The Fisker Karma looked like a car that had everything together, which was a facade for terrible build quality and impending bankruptcy. The company that bought Fisker Automotive vowed to keep the look of the Karma, and they did with the slightly updated Karma Revero. It’s just a lot more expensive.
Before we get to the Revero—which has a price tag of $130,000, compared to the $103,000 price of the Fisker Karma—let’s talk about Fisker Automotive and the original Karma, a plug-in hybrid that will serve as the basis for the new car. Fisker Automotive had an awful time with the Karma, including battery fires, a recall, tons of misused tax money and the bankruptcy mentioned above. It looked great, but it was an all around terrible car. Really, it was.
Chinese company Wanxiang bought Fisker Automotive, which became Karma Automotive somewhere along the line, and the owner decided to reintroduce the Karma as the first step in rebuilding the company. Calling it the “Karma Karma” would be kind of weird, though, so they went with “Karma Revero.”
The Karma Revero looks almost exactly like the last version of the Fisker Karma, but the price tag is considerably higher. With a record like the original car has, a price raise is probably a bad idea.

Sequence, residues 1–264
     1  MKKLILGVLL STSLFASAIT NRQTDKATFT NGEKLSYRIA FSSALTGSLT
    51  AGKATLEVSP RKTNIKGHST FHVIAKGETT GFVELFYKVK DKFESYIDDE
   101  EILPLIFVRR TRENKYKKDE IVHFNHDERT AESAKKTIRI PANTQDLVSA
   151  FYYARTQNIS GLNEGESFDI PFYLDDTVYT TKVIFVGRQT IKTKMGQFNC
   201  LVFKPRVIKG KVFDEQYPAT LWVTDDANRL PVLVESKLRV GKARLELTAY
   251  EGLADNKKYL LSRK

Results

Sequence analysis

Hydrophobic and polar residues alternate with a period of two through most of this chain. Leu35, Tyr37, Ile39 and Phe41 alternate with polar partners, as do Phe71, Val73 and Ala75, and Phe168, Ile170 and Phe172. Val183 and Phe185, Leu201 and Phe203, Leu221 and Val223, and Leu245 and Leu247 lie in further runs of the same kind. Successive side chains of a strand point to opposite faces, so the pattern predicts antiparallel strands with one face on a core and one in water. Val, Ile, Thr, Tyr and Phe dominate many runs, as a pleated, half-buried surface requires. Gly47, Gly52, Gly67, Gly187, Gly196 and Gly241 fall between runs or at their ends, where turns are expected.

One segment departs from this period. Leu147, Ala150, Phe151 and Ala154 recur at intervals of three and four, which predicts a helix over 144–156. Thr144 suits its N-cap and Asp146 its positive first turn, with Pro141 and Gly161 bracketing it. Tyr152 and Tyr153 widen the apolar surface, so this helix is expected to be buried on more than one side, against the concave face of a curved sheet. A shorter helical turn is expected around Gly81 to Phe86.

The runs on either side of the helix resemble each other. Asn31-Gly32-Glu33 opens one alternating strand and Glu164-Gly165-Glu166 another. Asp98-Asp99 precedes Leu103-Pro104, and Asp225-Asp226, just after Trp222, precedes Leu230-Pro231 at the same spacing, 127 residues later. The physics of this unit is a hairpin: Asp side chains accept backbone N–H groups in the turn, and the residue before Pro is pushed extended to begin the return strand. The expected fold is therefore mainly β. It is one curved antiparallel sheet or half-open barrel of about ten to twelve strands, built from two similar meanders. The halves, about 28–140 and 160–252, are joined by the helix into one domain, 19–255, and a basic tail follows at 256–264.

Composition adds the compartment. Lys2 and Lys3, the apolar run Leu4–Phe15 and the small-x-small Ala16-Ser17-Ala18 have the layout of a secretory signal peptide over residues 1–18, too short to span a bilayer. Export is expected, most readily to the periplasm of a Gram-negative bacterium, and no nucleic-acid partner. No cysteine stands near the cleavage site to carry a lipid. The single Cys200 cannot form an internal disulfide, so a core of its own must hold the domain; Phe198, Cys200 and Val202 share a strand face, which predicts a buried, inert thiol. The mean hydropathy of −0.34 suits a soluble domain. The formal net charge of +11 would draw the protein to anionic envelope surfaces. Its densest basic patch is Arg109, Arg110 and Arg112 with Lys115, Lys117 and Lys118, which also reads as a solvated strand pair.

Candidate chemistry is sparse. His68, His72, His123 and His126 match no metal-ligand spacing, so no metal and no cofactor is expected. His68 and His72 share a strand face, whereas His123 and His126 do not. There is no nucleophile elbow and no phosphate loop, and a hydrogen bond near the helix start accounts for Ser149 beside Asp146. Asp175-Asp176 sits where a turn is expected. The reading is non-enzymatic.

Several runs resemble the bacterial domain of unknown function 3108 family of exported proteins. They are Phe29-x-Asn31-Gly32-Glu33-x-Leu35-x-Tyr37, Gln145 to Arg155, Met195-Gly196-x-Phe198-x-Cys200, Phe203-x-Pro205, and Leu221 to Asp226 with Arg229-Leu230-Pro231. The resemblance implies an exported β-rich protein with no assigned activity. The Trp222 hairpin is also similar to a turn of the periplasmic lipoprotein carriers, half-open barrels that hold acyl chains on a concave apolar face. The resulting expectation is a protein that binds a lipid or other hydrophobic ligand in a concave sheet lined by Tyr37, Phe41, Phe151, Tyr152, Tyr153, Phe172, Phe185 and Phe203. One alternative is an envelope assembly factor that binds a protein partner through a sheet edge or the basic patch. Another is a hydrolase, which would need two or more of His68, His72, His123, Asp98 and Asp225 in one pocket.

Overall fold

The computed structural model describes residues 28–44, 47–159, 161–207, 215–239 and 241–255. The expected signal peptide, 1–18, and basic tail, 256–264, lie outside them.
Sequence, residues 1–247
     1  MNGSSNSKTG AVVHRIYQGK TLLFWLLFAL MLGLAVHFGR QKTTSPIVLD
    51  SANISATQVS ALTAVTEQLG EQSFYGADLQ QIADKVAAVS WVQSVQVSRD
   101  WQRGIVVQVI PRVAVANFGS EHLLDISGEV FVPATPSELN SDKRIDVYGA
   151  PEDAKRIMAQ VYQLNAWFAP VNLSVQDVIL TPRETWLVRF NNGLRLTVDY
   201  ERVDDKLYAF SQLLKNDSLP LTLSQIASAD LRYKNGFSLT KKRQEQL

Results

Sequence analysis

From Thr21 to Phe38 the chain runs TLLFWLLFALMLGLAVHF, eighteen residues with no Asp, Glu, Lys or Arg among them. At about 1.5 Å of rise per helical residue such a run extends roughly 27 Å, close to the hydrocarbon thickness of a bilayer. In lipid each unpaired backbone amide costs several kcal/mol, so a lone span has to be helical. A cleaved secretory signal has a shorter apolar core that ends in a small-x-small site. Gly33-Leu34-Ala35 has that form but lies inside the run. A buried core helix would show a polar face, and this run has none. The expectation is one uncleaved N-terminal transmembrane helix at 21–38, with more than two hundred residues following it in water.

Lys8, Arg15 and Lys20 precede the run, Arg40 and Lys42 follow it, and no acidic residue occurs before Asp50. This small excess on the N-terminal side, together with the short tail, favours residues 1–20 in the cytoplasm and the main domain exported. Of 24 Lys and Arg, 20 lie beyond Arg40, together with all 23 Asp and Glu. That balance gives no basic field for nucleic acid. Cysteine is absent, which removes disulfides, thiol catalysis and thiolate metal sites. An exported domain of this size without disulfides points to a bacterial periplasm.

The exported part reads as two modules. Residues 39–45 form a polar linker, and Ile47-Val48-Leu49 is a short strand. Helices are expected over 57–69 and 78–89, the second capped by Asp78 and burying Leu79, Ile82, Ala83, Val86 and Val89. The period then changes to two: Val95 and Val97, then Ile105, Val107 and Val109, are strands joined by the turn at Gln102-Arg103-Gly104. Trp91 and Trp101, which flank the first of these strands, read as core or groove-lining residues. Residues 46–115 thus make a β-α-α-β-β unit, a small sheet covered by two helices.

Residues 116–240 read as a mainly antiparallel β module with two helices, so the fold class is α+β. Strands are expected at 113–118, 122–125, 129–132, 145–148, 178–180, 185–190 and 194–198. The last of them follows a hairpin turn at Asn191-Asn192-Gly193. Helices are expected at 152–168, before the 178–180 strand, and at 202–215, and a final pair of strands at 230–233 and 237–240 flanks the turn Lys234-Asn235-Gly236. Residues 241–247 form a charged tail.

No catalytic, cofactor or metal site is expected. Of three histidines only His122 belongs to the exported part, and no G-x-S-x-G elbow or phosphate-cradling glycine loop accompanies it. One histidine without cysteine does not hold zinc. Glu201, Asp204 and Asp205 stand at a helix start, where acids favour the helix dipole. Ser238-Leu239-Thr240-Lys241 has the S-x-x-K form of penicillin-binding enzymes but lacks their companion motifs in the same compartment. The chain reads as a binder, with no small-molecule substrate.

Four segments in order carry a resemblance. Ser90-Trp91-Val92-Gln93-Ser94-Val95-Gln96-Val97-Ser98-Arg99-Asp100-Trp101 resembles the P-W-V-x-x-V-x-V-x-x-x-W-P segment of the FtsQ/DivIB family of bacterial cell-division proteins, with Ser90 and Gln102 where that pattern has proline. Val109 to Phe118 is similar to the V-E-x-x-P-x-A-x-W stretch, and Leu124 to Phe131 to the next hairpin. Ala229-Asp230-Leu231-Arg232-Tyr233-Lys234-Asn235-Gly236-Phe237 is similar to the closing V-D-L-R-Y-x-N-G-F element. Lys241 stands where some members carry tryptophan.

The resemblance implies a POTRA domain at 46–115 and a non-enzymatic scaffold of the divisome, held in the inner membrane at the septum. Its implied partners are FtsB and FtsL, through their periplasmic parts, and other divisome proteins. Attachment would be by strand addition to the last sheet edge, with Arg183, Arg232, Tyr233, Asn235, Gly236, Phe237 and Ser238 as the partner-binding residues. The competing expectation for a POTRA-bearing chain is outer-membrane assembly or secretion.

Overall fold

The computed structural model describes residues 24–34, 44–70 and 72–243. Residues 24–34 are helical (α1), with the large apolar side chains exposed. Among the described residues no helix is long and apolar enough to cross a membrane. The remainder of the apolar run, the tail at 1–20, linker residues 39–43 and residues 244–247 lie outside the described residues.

But oh well, there are plenty of bad decisions that happen every day. Just ask our guy Jason Torchinsky, who made the mistake of crushing his leg with the tilt motor for the Karma’s steering wheel more than once the time he drove it.
Bad decisions aside, let’s get to the upgrades.
According to Autoblog, the Revero will have a 260-horsepower, turbocharged four-cylinder gas engine from General Motors as its predecessor did. The big changes come to the hybrid’s electrical system, which has upgrades to the charging speed and battery capacity. The car’s zero-to-60 time is now 5.4 seconds in Sport mode, which is a full second faster than the Fisker Karma was. As far as fuel efficiency goes, Karma Automotive expects the numbers to be about the same.
The car also got updates to its infotainment system, and Karma Automotive addressed its highly skewed claim about a solar roof powering the car—contrary to the common understanding that the solar roof could bring a decent amount of power to the car, it can really only “generate up to 1.5 miles of electric range per day, depending on weather conditions.” This would be the part where an author would do sarcastic jazz hands and say, “Woooooooo.”
Anyway, the Karma Revero can be ordered at dealers now, and online orders will start sometime in September. If the Fisker Karma taught us anything, keep your expectations low and your incomes high.